So, in my fund, the Global Macro Bond Fund, I still want to be underweight government bonds at this point, not just because rates are going up but also you have this big persistence seller of government bonds going forward.

Wall: I suppose then the flip of that is where do you want to be? If you don't want to be in U.S. Treasury bonds, where are the opportunities?

Leaviss: Well, if you look at what's been the worst performing asset classes in fixed income world, it's been in U.S. high-yield bonds and it's been in emerging market bonds. We've been heavily underweight in those two areas for a very long time, and because in emerging markets we've been waiting for the Chinese slowdown to come, haven't owned them. But when you see the Brazilian real is depreciated by 30%, 40%, the bonds are yielding 15%, 16%, 17%, and that's true across all of the emerging markets. I think that 2016 there will come a turning point when you say, actually the oil price was half from 100 to 50 to high 20s, is it going to go down to 12? It might well do, but nevertheless, there will be an opportunity in commodity bonds, in energy bonds and even emerging markets bonds.

We have Claudia Calich, who I know has been on here before talking about emerging markets. She works in my team and there will come a time, she reckons with two-thirds of the way through the sell-off in emerging markets, but hopefully there will come a time in 2016 where you want to pull the trigger and say, well, I'm not going to get double digit yields in any other bond asset class and this is the time to invest there.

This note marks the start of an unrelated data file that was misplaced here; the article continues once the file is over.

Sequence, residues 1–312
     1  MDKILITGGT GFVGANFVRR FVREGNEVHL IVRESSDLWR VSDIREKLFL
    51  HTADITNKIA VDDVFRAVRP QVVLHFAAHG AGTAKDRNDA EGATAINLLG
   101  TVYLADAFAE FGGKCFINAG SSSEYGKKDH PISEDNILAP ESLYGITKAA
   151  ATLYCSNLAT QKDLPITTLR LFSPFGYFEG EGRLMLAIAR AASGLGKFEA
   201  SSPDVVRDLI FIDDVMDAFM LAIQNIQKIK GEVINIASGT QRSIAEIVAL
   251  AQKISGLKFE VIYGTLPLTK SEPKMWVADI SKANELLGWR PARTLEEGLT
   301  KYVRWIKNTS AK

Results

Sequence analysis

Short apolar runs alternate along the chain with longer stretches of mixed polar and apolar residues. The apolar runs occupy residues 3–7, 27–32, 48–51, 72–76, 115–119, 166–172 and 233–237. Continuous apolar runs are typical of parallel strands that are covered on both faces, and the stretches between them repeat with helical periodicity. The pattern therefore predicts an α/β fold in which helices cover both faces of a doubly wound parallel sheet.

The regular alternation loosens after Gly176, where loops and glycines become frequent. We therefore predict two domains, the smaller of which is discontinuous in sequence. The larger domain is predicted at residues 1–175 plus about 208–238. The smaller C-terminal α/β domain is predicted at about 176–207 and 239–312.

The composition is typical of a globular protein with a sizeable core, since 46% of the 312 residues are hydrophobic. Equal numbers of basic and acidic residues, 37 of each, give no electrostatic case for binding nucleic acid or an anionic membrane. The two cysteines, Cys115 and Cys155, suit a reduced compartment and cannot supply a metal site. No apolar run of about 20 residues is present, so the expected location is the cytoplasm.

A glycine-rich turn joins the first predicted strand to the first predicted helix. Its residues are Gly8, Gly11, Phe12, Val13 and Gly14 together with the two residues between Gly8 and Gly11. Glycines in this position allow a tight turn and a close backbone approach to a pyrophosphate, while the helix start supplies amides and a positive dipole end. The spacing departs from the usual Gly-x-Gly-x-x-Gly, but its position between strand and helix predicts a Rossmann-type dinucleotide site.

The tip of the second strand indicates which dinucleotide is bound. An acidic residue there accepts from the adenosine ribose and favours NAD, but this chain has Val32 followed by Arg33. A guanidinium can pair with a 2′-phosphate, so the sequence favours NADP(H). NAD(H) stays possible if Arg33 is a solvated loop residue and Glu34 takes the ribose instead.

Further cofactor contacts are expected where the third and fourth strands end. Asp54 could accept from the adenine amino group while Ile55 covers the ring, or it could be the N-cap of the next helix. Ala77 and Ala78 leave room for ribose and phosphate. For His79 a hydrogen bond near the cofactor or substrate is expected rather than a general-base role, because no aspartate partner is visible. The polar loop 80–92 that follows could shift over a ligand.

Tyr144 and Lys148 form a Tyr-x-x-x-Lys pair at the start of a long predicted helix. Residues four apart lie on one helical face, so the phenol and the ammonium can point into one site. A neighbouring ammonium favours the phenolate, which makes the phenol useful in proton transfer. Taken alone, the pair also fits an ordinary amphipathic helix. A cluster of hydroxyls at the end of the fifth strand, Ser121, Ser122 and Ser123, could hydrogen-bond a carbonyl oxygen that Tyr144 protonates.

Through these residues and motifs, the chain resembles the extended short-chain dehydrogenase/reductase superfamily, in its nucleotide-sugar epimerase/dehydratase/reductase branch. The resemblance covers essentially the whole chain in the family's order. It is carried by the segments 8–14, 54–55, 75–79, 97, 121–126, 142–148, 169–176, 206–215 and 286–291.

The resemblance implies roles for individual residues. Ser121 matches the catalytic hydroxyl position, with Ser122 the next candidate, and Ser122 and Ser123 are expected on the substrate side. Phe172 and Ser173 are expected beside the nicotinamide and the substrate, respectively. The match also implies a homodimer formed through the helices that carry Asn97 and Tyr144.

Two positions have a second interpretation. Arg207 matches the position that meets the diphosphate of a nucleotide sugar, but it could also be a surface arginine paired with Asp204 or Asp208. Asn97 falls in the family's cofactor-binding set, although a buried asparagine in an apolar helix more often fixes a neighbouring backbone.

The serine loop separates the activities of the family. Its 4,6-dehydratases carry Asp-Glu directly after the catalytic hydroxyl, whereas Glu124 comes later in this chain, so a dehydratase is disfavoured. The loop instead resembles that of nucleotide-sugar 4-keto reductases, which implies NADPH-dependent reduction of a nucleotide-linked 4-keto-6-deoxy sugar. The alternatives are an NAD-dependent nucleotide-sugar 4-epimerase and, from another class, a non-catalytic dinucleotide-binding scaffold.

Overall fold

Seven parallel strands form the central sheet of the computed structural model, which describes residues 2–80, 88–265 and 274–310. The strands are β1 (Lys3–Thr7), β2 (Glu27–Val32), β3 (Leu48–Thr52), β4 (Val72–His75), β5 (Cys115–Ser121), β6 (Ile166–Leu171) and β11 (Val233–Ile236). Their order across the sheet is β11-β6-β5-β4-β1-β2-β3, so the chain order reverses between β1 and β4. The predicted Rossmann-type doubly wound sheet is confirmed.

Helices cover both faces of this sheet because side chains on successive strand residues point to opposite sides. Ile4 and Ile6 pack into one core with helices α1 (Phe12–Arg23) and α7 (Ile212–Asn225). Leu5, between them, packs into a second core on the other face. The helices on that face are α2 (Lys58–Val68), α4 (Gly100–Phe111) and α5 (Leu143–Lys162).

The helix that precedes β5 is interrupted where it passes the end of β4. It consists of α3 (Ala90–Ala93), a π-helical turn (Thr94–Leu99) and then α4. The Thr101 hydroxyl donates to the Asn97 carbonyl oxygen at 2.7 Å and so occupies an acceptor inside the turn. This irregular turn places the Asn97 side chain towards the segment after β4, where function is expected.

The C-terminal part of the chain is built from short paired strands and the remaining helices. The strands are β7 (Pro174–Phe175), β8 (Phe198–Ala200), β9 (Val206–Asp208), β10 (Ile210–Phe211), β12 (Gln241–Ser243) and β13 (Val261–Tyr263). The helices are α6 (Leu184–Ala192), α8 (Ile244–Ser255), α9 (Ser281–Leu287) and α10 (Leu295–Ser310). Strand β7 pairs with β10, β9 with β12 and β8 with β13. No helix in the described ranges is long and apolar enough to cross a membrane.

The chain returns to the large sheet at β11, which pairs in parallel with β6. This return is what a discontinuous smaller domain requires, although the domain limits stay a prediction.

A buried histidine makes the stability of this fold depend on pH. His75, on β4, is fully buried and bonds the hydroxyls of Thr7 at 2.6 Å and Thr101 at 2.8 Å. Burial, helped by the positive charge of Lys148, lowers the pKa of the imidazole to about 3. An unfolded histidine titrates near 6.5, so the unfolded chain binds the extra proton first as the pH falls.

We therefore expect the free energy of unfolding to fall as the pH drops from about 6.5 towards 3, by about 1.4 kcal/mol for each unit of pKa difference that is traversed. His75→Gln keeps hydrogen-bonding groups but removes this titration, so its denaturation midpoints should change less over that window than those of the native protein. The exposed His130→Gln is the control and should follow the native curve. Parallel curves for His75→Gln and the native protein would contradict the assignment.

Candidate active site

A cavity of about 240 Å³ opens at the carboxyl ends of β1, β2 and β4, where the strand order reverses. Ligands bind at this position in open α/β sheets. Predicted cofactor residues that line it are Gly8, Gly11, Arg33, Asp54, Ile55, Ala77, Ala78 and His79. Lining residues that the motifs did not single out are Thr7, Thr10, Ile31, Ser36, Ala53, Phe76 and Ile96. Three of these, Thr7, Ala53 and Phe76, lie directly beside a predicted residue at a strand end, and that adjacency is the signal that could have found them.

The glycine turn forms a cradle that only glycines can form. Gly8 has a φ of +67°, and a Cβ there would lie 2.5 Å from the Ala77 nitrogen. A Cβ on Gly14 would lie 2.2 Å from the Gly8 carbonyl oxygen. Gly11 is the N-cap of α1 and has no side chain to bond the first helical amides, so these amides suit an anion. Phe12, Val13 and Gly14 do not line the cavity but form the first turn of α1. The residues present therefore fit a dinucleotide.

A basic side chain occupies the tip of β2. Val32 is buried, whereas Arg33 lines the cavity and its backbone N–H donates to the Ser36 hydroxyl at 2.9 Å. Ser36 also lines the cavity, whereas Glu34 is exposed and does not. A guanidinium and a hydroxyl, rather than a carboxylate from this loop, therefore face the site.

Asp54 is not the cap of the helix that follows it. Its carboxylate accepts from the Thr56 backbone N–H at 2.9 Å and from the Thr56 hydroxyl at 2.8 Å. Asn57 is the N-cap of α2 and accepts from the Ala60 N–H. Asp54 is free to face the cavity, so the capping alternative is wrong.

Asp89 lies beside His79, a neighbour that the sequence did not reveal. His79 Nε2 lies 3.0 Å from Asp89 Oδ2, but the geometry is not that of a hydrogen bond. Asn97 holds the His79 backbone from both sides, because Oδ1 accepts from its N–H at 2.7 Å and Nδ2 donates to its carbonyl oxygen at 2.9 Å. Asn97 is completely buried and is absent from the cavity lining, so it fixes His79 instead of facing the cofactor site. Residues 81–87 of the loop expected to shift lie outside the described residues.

Wall: Jim, thank you very much.

Leaviss: Thank you.

Wall: This is Emma Wall for Morningstar. Thank you for watching.

Emma Wall: Hello, and welcome to the Morningstar Series "Why Should I Invest with You?" I'm Emma Wall and I am joined today by Jim Leaviss, Head of Retail Fixed Income for M&G.

Hi, Jim.

Jim Leaviss: Hello.

Wall: So, I thought we'd start with the Fed raising rates last month. Of course, it's not a new subject, but the way the markets have taken it, means that it constantly renews itself. And so far as when they raised rates last month, the consensus view was that there's going to be another four to six rate rises throughout 2016 and already there has been a lot of backpedaling on that and people are saying; one, two, maybe even a cut. Where do you sit on that?

Leaviss: It's quite interesting that immediately after the Fed hiked rates, markets were really well behaved. Somebody even produced T-shirts said I survived the Fed rate hike of 2015. I think they sold a lot of those and people want their money back by now, as we come into January in the equity markets, in bear markets, and rather than four rate hikes priced in for 2016, the markets rolled that back really aggressively. So, perhaps one from the Fed, nothing from the Bank of England all year and we're in a kind of depressed mood where we think that the world is going to fall off the cliff economically again.

I think there are lots of reason to be cheerful and to say it is right that the markets have taken away some of the Fed tightening they had in. But at the end of the day, the oil price is halved for almost two years in a row now and that will have a massively stimulatory effect on the global economy. So the U.S. jobs markets still very strong, cheap energy those are the good news stories that mean eventually the Fed will be able to raise rates again, but it won't be as quickly as the market had thought it was going to be back in December and earlier.